Spray Deaeration – The Problem and the Solution

Oxygen affects beverages, altering their color, taste and shelf life. It is no wonder why manufacturers have started thinking about spray deaeration. Oxygen also affects the packaging or bottling process, since the beverages produce foam. Deaeration, or removing the oxygen from the packaging, gains more and more importance as the unwillingness to add different kinds of antioxidants increases.

The Start and the Present

In the past, it has been considered acceptable for the residual oxygen level to be of 0.1 mg/l, while in our days the final oxygen content is about 0.02 mg/l. The whole process is based on Dalton’s Law, according to which the total pressure of a gas mixture equals the sum of the composing gases’ partial pressures.

This means that the fluids can hold only as much oxygen as necessary to achieve a balance of the partial and total pressures. In order to deaerate water, it is important to achieve as little oxygen pressure as possible. Manufacturers can achieve this by reducing the total pressure, increasing the partial pressure of another ingredient or increasing the water’s steam pressure.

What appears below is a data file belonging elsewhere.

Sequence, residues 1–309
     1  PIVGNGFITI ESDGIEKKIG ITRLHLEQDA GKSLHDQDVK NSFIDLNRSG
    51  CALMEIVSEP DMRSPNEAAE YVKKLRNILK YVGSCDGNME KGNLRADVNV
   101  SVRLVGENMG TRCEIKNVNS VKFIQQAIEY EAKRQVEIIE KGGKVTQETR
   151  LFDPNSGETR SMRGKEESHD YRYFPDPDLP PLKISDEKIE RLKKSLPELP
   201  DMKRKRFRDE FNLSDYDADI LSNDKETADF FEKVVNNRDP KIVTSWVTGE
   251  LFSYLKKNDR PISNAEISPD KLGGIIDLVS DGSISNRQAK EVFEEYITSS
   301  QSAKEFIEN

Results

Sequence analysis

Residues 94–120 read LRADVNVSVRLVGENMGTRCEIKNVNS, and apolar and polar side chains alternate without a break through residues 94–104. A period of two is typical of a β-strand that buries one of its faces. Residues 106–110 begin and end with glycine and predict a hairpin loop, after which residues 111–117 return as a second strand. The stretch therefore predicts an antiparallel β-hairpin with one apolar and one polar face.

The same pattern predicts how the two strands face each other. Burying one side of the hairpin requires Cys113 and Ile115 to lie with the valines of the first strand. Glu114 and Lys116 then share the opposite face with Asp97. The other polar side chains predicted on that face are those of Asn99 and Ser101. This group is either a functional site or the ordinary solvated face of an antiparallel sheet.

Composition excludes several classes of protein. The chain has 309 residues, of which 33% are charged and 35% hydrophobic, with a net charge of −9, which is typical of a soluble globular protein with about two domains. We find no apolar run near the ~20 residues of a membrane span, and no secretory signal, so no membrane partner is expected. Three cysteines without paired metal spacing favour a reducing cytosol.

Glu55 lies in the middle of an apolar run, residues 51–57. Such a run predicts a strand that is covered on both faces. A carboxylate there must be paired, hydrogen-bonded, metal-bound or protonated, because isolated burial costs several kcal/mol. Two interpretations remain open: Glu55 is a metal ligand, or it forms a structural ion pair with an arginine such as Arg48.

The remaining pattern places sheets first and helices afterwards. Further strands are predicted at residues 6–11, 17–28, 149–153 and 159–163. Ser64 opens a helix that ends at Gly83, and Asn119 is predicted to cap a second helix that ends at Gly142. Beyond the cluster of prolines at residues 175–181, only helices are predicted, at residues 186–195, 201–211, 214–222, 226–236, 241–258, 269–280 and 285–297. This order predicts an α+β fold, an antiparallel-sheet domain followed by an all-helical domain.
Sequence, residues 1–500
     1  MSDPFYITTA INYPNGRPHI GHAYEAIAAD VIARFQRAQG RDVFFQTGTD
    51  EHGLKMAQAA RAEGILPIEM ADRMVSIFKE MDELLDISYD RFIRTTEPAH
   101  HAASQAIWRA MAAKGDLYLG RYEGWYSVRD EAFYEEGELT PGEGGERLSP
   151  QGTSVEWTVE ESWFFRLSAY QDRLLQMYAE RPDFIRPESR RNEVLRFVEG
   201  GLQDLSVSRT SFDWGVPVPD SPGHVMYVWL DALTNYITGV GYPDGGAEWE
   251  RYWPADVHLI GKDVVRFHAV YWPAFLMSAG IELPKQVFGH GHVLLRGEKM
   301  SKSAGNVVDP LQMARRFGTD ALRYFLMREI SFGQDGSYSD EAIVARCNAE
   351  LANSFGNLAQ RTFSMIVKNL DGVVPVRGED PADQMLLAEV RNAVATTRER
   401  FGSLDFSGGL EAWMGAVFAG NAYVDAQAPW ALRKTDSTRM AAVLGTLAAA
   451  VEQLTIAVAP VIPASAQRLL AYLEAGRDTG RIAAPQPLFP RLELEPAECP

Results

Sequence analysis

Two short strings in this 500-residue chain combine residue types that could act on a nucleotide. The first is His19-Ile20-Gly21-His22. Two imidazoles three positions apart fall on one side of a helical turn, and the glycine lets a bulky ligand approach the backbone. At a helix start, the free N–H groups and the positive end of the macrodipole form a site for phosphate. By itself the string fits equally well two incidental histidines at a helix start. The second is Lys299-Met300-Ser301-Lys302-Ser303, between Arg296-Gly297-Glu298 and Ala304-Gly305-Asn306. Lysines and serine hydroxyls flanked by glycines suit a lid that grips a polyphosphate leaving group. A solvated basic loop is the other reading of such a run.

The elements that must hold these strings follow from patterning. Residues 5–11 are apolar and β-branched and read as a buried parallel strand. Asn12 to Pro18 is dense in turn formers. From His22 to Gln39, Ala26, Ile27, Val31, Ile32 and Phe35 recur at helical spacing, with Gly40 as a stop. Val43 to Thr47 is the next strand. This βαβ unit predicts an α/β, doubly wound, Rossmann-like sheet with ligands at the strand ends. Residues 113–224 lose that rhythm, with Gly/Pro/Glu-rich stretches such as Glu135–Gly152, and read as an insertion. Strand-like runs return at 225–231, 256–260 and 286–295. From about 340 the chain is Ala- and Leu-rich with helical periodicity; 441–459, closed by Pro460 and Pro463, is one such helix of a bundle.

Vacuum Deaeration

During this process, the water is sprayed into a tank through fine nozzles. Through this transfer the area of the gas and water transfer surface is increased. The vacuum forces the oxygen to be released, and then the system removes it through suction. In order to facilitate the process, strip gas is used. Naturally, the efficiency of the process is limited by the equipment’s design. Generally speaking, the remaining oxygen concentration is about 0.07 to 0.1 mg/l. Using a seal water pump can improve it, but this also makes the process more expensive.

Other Options for Deaeration

Spray or vacuum deaeration isn’t the only available option. Some other solutions include hot deaeration, membrane deaeration and column deaeration. Most of these processes require the use of a strip gas which is meant to change the ratios of the gases and also help remove the oxygen from the tank.

Usually, the strip gas has a lower reactivity, making carbon dioxide and nitrogen good choices. In practice, the majority of the manufacturers use carbon dioxide as it is required for producing carbonated beverages. In some cases, manufacturers opt to use the combination of these two gases.

While spray deaeration has not been very common in the past, more and more manufacturers shift toward it because it is efficient and effective. Spray daeration also makes it possible for manufacturers to use small amounts of antioxidants, which only make the beverages healthier (as healthy as such beverages could possibly be). Additionally, the process allows drinks to hold a longer shelf life, leading to less waste of spoiled products.

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